SST-16 Inspections: Who’s targeted, why, and how to prepare.

The Occupational Safety and Health Administration’s new program triggers comprehensive inspections based on employers’ electronic submissions.

The new Site-Specific Targeting 2016 (SST-16) Program targets employers whose OSHA 300 log data shows unusually high or unusually low injury rates. The program also targets employers that are required to submit electronic injury data to OSHA and failed to do so.

Who Is Affected

As of October 16, 2018, and for the next 12 months, federal OSHA will use employers’ electronic OSHA 300 A submissions to target employers for comprehensive, wall-to-wall inspections. These inspections may be safety or health inspections, or both, based on employers’ 2016 OSHA 300A Annual Summary forms. These programmed inspections apply to non-construction workplaces with 20 or more employees that OSHA selects from among what it calls High-Rate and Low-Rate Establishments.

If you are in a state with its own OSHA program, such as Virginia or North Carolina, your state-run program has until April 16, 2019, to either adopt the federal OSHA SST inspection plan or to implement their own targeting policies and procedures.

Targets Are Random

The SST-16 directs that “OSHA will create inspection lists of establishments with elevated Days Away, Restricted or Transferred (DART) rate, together with a random sample of establishments that did not provide the required 2016 Form 300A data to OSHA.” The employers are chosen using software that randomly selects the establishments from the categories above.

According to OSHA, including non-responding employers will deter employers from failing to report in order to avoid inspection. Similarly, OSHA will verify the reliability of the 300A data by including a sample of low DART (Days Away, Restricted, or Transferred) rate establishments.

Employers who received a comprehensive safety or health inspection within 36 months of the creation of the SST-16 inspection list will not be targeted for inspection again.

OSHA has not described how an employer can know whether its DART rate is high enough to make it a High-Rate Establishment and subject to the comprehensive inspections. Employers that submitted 2016 Form 300A data should compare their DART rates to the industry average. The Bureau of Labor Statistics (BLS) provides several online resources, such as the Incidence Rate Calculator and Comparison Tool.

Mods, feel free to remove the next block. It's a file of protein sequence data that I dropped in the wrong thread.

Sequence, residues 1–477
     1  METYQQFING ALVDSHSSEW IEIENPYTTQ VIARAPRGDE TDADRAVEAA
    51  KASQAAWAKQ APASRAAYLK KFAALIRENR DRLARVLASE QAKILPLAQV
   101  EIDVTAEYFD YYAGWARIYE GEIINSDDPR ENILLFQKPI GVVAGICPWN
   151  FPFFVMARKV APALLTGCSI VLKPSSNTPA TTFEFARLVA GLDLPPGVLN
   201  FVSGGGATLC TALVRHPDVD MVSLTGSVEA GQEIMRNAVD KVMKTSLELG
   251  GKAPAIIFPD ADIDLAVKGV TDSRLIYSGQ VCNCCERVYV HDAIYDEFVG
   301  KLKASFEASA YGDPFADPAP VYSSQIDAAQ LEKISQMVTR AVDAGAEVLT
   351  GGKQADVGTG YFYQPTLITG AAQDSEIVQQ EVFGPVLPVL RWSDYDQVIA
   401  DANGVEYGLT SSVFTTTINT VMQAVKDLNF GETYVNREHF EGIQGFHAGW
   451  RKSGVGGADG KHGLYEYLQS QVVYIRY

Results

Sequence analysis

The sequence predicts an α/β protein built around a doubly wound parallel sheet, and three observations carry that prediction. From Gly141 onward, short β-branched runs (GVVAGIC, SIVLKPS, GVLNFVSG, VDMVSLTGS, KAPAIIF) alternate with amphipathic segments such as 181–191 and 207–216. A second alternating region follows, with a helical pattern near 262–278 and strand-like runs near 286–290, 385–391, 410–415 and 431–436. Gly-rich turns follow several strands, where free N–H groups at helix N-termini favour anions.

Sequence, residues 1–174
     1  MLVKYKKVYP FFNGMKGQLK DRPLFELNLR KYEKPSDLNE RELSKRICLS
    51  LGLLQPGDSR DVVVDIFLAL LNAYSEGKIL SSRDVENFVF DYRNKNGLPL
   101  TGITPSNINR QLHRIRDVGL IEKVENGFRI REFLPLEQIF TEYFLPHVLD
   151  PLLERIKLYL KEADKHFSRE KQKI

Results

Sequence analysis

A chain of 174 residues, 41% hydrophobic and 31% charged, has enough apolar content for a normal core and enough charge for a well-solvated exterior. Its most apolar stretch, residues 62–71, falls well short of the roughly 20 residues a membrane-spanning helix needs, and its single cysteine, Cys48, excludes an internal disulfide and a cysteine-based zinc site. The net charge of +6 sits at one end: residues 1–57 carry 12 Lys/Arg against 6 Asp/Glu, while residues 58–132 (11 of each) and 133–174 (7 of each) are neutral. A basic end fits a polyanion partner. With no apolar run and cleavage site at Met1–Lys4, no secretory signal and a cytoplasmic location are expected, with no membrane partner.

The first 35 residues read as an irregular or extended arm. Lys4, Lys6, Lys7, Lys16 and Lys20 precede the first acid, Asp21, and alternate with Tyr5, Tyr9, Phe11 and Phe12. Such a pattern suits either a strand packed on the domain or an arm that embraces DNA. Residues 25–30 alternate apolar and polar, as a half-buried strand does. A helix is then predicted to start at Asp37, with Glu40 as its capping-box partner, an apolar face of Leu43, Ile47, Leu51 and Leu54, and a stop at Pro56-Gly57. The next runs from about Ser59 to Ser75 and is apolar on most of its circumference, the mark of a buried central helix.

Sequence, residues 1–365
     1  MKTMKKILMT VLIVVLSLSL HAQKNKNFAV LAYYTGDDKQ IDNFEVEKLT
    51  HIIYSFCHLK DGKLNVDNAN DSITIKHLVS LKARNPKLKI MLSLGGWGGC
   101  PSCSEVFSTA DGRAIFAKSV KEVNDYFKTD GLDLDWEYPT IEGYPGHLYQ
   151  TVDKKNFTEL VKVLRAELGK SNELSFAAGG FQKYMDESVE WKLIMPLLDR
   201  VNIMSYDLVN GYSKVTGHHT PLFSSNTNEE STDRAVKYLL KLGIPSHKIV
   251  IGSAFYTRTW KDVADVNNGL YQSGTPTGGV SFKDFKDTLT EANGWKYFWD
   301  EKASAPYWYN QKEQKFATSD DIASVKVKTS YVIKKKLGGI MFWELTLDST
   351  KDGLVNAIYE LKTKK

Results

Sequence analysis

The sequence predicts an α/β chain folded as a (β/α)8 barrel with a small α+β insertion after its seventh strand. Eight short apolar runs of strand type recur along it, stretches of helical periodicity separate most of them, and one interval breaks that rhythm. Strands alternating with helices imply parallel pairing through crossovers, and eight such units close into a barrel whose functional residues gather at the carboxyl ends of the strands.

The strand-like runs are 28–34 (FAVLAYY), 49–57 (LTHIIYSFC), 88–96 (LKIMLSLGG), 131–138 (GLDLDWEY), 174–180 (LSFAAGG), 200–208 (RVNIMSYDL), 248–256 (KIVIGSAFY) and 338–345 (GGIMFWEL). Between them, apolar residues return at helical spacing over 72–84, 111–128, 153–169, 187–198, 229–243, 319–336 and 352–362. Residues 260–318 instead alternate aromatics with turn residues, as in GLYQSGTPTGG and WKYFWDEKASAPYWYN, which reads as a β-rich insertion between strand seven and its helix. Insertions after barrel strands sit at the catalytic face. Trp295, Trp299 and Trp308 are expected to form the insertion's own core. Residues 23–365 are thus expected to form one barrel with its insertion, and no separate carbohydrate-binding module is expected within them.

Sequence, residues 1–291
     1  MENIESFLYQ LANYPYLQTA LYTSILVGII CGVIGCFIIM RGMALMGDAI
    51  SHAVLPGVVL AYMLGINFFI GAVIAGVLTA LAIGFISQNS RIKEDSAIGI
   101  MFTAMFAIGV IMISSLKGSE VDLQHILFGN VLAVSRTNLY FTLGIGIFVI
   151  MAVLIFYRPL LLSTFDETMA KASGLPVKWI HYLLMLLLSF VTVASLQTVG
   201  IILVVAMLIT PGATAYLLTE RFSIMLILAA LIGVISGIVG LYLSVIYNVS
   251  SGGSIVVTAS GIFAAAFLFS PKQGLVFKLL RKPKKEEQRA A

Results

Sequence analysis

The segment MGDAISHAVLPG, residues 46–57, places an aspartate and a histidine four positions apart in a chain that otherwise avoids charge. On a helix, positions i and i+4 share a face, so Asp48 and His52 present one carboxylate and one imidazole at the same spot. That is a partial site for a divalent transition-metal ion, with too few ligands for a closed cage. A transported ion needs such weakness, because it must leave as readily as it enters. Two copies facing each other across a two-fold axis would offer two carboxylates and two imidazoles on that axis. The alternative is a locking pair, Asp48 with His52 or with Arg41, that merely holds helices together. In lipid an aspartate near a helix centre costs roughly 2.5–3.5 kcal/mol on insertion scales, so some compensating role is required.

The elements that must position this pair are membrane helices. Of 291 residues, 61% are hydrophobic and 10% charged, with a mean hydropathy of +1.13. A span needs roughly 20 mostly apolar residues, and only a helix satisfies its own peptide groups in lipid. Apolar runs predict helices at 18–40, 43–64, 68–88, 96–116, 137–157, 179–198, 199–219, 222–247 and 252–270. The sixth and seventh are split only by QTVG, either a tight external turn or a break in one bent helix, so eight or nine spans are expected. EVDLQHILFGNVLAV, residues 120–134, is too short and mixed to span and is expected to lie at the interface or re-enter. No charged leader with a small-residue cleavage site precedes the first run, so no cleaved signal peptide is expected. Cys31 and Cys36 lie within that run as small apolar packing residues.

If your DART rate is above the national average for your North American Industry Classification System (NAICS) code, we recommend you prepare for a comprehensive SST inspection. A listing of NAICS Codes can be viewed by accessing the NAICS homepage.

Remember and be aware OSHA also intends to inspect a random sample of establishments with low DART rates “[t]o verify the reliability of the Form 300A data reported to OSHA.” All employers must remain vigilant in complying with all applicable OSHA standards.

Accurate Reports Are Essential

In addition to maintaining a safe workplace, assure your OSHA 300 log reporting is accurate. In our experience, some employers either over-report by including non-reportable incidents or under-report. Either situation could increase your potential for an inspection.

Preparation Is Difficult but Necessary

Although employers can somewhat prepare for an OSHA visit when they self-report fatalities, hospitalizations, and amputations, SST inspections are unannounced and random.

SST inspections are comprehensive and not limited to recordkeeping practices, potentially hazardous areas, or operations with an elevated DART rate. Comprehensive inspections take significant time and resources and usually result in substantial citations and financial penalties.

Proactivity Beats Reactivity

OSHA clearly lays out in the SST-16 how the agency plans to use the injury and illness data it electronically collects from employers. Given the impact of the data on programmed OSHA inspections, employers should proactively monitor and address patterns in their injury and illness rates and carefully ensure they submit accurate records to OSHA.

As a practical matter, you should do the right thing and get in compliance now, so you do not have to worry about whether your workplace is on a targeted list. Proactivity is far better than reactivity when it comes to OSHA regulatory compliance.

If you’re unsure whether you could be targeted or whether you’re in compliance, contact us to conduct thorough and comprehensive OSHA compliance assessments and provide training on the preparation of OSHA 300 logs.


portrait of Dudley F. Woodyportrait of Stephen A. Burt

Brought to you by
Dudley F. Woody, Principal, Labor & Employment Practice and
Stephen A. Burt, Woods Rogers Consulting